USDA Forest Service
Forest Products Laboratory
One Gifford Pinchot Drive
Madison, WI 53705-2398
(608) 231-9200


Wood Technical Fact Sheet


 Dialium guianense


Family: Leguminosae

Other Common Names: Guapaque (Mexico), Paleta (Guatemala, Honduras), Tamarindo montero (Nicaragua), Hauso (Panama), Tamarindo (Colombia), Cacho (Venezuela), Huitillo (Peru), Jatai-peba, Parajuba (Brazil).

Distribution: From southern Mexico through Central America to the Peruvian Amazon and Bahia and Matto Grosso, Brazil. In parts of its range the tree is very common on well-drained clay soils or sandy soils.

The Tree: Reaches a height of 115 ft with trunk diameters 24 to 30 in. above the narrow buttresses. Boles are cylindrical and clear to 50 ft.

The Wood:

General Characteristics: Heartwood uniform brown or reddish brown, becoming darker upon exposure; very distinct but not sharply demarcated from the thick whitish or yellowish sapwood. Luster medium; texture fine to medium; grain straight to interlocked; without distinctive odor or taste. Silica content reported to be as high as 1.83%.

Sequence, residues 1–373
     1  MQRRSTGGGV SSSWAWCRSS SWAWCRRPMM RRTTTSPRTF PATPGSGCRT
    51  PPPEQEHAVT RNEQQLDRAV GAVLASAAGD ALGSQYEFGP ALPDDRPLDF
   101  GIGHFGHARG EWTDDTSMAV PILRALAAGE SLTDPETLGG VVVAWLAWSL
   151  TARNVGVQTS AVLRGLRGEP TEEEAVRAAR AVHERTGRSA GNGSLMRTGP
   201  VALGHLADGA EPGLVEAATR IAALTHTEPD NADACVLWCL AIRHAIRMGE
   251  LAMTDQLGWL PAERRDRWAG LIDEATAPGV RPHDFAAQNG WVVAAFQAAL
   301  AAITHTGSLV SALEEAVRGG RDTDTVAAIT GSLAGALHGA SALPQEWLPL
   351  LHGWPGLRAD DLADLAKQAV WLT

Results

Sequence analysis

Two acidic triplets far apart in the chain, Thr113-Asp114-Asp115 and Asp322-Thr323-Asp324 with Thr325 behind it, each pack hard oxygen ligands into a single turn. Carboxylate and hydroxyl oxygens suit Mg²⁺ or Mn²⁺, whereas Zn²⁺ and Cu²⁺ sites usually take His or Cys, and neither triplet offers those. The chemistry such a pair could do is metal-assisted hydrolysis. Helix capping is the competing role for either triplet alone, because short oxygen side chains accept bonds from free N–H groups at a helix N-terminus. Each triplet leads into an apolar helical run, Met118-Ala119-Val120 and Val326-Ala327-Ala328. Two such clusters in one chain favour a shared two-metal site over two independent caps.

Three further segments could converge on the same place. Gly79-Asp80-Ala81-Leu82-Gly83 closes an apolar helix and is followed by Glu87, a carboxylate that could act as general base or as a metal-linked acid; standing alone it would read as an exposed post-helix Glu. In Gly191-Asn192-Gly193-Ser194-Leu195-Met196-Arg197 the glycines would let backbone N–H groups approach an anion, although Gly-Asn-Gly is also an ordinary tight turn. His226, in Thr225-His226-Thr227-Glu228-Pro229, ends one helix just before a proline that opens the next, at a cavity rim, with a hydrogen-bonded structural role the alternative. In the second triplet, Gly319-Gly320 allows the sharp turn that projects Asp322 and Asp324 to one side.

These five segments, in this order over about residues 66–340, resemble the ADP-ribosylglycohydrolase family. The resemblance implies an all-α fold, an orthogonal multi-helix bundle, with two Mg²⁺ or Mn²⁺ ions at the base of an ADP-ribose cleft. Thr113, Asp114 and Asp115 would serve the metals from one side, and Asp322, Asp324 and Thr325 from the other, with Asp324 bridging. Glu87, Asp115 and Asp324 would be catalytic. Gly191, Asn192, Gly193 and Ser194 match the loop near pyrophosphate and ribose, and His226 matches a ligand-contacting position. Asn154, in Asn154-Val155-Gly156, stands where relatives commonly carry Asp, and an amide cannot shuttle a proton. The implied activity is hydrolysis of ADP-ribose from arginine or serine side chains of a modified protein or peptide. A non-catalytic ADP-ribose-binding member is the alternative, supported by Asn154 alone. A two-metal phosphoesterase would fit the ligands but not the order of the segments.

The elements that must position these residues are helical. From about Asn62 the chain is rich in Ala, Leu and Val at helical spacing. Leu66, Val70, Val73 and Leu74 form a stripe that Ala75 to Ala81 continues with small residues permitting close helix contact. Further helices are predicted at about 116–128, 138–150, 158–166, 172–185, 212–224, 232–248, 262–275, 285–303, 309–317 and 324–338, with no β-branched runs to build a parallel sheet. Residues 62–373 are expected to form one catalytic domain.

Weight: Basic specific gravity (ovendry weight/green volume) 0.81 to 0.93; air- dry density 63 to 73 pcf.

Mechanical Properties: (First set of data based on 2-in. standard; second and third sets based on 2-cm standard.)

Moisture content Bending strength Modulus of elasticity Maximum crushing strength

(%) (Psi) (1,000 psi) (Psi)

12% (44) 24,400 2,920 NA

12% (71) 34,000 NA 15,700

Green (31) 23,800 3,070 11,000

15% 28,800 NA 13,900

Janka side hardness about 4,000 lb at 12% moisture content.

Drying and Shrinkage: The wood air-dries at a moderate to slow rate with a tendency to moderate surface and end checking; warp is reported to be slight to severe. Kiln schedule data not available. Shrinkage green to ovendry: radial 5.3%; tangential 8.9%; volumetric 13.9%.

Working Properties: The wood is rated as very difficult to work because of its high density and high silica content. Specially tipped cutters are required to effectively saw or machine this wood. Torn grain is common.

Durability: The durability of this wood is reported to be high and with high resistance to insect attack.

Preservation: The wood is rated as difficult to treat.

Uses: Heavy construction, railway crossties, industrial flooring, turnery, vehicle framing.

Additional Reading: (31), (44), (71)